spaceSpace and Physics

Watch NASA Successfully Inflate Their Expandable Space Module


Tom Hale

Tom is a writer in London with a Master's degree in Journalism whose editorial work covers anything from health and the environment to technology and archaeology.

Senior Journalist

1 Watch NASA Successfully Inflate Their Expandable Space Module

After a failed attempt on Thursday, NASA’s first expandable habitat on the International Space Station (ISS) finally ballooned up to its full size on Saturday.  

It took over seven hours for astronaut Jeff Williams to totally inflate the Bigelow Expandable Activity Module (BEAM) with air, along with the help of a team from NASA and Bigelow Aerospace working back home at Mission Control Center at NASA’s Johnson Space Center. You can watch sped-up footage of this process in the video below.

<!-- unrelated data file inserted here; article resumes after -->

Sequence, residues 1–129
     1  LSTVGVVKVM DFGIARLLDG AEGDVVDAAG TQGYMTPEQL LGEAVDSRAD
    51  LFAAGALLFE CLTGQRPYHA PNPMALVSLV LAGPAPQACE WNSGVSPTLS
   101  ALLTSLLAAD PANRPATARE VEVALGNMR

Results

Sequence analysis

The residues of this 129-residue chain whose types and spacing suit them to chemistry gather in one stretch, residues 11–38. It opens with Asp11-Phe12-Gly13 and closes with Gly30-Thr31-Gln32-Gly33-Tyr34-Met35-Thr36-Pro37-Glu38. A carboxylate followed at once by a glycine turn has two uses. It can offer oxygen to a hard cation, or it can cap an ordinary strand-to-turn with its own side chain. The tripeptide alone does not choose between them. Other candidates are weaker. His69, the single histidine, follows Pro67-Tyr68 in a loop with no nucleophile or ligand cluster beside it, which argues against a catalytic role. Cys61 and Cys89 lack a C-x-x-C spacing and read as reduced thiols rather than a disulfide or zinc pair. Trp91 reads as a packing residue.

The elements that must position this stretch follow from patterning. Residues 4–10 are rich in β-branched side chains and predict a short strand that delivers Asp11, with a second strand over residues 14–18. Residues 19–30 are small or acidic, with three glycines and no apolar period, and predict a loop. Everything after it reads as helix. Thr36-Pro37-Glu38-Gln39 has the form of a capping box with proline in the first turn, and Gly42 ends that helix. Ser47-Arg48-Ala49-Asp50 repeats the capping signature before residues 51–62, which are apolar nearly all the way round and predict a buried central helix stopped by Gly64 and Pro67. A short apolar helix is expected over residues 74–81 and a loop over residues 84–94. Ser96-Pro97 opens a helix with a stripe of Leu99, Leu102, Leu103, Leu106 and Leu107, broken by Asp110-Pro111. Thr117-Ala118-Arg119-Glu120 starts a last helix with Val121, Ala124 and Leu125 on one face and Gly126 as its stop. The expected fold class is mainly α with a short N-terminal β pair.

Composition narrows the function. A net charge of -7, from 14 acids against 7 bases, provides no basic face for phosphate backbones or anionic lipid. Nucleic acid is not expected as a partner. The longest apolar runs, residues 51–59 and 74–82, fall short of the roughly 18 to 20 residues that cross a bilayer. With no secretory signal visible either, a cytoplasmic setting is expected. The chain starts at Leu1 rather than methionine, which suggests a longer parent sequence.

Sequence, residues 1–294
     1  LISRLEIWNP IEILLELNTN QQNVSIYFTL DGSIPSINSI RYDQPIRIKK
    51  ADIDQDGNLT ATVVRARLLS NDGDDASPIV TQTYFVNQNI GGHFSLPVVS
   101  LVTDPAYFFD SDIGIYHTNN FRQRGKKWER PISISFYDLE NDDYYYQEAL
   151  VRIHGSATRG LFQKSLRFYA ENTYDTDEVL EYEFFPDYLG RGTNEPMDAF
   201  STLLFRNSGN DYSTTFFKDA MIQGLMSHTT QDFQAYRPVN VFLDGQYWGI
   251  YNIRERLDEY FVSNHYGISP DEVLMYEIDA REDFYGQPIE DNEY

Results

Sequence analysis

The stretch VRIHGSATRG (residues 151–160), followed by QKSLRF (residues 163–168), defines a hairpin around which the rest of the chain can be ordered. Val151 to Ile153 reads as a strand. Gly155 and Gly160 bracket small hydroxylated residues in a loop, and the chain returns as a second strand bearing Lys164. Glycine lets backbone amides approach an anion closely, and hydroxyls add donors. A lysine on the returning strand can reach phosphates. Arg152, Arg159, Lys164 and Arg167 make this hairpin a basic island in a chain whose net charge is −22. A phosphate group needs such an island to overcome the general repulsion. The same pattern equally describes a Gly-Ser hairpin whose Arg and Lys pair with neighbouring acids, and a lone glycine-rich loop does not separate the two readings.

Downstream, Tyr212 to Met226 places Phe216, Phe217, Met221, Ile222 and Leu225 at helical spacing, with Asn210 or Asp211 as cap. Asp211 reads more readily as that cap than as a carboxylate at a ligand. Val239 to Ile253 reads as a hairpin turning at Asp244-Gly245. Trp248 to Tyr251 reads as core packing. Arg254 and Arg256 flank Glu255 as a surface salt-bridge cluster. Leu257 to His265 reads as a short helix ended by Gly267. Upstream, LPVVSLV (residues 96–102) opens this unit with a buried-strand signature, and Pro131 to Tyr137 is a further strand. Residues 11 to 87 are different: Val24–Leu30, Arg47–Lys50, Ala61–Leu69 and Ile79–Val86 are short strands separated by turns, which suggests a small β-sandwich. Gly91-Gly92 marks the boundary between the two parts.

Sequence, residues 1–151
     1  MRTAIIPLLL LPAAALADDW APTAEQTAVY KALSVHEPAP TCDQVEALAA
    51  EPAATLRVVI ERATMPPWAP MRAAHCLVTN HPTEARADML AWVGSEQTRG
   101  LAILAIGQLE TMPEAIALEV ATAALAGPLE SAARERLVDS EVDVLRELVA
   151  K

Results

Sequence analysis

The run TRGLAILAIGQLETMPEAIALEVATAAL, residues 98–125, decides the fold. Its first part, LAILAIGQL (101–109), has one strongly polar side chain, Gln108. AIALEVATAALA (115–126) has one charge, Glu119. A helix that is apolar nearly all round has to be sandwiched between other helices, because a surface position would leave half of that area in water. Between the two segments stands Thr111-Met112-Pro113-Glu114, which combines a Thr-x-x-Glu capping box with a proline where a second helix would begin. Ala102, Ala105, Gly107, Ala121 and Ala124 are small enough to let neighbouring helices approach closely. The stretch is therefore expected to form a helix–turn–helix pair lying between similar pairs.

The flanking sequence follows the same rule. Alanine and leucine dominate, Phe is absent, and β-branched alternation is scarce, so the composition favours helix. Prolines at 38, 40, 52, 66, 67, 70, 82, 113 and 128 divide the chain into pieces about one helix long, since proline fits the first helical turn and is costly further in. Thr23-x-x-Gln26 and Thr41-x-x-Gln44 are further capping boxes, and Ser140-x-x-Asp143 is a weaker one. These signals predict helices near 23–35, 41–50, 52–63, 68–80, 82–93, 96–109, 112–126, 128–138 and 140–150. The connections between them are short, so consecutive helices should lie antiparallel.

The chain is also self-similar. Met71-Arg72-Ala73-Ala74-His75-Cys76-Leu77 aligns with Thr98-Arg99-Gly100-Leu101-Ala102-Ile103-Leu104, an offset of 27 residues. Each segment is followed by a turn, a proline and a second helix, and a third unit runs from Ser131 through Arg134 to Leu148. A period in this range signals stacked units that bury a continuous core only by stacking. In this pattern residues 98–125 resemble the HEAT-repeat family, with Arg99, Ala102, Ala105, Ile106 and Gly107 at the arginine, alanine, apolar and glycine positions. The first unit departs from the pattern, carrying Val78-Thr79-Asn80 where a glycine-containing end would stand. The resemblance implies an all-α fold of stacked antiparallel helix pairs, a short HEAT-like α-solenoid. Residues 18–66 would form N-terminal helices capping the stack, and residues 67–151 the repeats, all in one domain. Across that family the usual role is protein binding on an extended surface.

During the pressurization of BEAM with the rest of the ISS, Williams said he heard popping noises that he compared to popcorn in a frying pan, according to the Associated Press. Officials said that these sounds were likely the internal straps releasing as the chamber inflated. 

Over the coming weeks, the team will conduct tests to ensure the structural integrity of BEAM. With a bit of luck, Williams will make his first entrance into the module the following week. The “space-balloon,” which is now around 4 meters (13 feet) long and about 3.2 meters (10.5 feet) in diameter, will remain on the ISS for a two-year test period.

Expanding modules are designed to save room, which is a precious commodity in space travel. The use of this technology comes as an important breakthrough, as these are the types of habitats that could make future missions – such as manned missions to Mars – a little bit easier.




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